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Investing in Your Passions

By Michelle Black
Capital Group Private Client Services
Wealth Advisory Group

Investing in art, wine or any other cherished hobby would seem to blend the best of two worlds: You engage in a heartfelt pursuit while building a collection that can grow in value over the years. It’s often referred to as passion investing, and it’s become increasingly popular. 

There are many good reasons to collect wine, acquire art, buy jewelry or even dabble in sports memorabilia. People typically don’t set out to become collectors, but what begins as a childhood fascination with dolls or baseball cards can segue into a lifelong interest in other forms of collecting. There are often intangible reasons, such as personal enjoyment or cachet, for investing in luxury items. The appeal of passion investments among ultra-high-net-worth individuals ticked up after the financial crisis. One study found 61% have become more interested in collecting items such as art, wine or classic cars. And, indeed, these pursuits can be lucrative when market conditions are favorable.

However, investing in your passions carries risks, and should not be relied upon as a way to build wealth. The collectibles markets can be volatile and it’s easy to overlook the costs of insurance, storage and other necessities that dampen long-term returns. As a result, in our view, passion investments should not be central elements of an overall portfolio.

Instead, it’s important to have a well-rounded asset allocation along the lines of our wealth strategy pyramid, which is designed to build and preserve wealth over the long term. The bottom of the pyramid is the base: money invested in cash or short-term securities representing up to two years of expenses that can serve as a financial and emotional safety net. Next is the core, a diversified mix of stocks, bonds and diversified alternatives tailored to your financial goals and long-term growth objectives, with a lower level of certainty than the base. Once your base and core holdings are established, anything beyond that, known as the surplus, can be viewed as a complement and earmarked for other interests. We believe that investments in art or wine should generally be made from this surplus portion of your portfolio.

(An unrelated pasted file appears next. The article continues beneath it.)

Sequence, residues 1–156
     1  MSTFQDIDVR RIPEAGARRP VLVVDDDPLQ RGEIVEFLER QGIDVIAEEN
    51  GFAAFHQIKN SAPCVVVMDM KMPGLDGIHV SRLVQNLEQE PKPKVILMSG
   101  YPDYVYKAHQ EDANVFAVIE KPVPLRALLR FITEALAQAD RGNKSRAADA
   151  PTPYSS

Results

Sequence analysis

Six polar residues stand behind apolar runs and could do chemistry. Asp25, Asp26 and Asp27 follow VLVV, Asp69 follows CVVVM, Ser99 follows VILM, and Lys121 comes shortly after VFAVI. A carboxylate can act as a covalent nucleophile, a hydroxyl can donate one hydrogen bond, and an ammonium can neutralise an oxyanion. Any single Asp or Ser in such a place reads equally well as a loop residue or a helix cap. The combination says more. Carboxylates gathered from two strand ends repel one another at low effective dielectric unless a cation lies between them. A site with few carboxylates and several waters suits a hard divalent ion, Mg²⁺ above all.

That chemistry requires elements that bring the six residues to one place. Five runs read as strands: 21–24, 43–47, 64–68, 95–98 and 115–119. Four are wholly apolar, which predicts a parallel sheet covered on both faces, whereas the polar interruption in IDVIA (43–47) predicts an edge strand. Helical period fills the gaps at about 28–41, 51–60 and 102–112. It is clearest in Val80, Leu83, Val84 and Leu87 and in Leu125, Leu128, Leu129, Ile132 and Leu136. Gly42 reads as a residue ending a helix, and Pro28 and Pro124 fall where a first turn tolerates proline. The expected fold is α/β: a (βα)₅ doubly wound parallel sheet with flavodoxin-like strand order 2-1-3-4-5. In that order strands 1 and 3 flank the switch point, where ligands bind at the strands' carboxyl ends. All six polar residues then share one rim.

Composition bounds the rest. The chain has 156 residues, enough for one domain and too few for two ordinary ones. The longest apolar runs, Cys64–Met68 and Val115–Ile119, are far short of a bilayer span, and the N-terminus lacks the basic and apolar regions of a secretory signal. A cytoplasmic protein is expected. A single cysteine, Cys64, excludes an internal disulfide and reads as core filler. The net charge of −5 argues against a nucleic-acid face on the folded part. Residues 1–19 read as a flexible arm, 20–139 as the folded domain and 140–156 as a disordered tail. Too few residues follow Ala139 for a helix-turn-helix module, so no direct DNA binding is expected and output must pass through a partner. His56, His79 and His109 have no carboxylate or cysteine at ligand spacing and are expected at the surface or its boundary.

A decline in the wine market demonstrates the risk of passion investing.

To understand the risks of passion investing, consider the recent history of the wine market. Not long ago, wine appeared to be an unbeatable investment. After several strong years, demand for fine wine really took off in 2010. The Liv-ex Fine Wine 100 index, which tracks the prices of highly sought-after wines, soared while stocks were still recovering from the financial crisis. Driven by expanding global wealth, particularly in China, wine seemed to be on the verge of an extended run. And it was — but in the wrong direction. Almost as quickly as it had surged, the index peaked in mid-2011 as demand from China fell sharply, and it has continued to lag ever since.

More recently, the art market has been on a tear. Global art sales surged to a record high last year, and there have been a number of high-profile purchases. Earlier this year, a Gauguin reportedly sold for close to $300 million — believed to be one of the highest prices ever paid for a painting. In May, a Picasso went for nearly $180 million. And the world’s most expensive sculpture ever sold at auction recently changed hands for more than $141 million. On a smaller scale, the number of art sales exceeding $1 million has risen as more people have been drawn to this pursuit.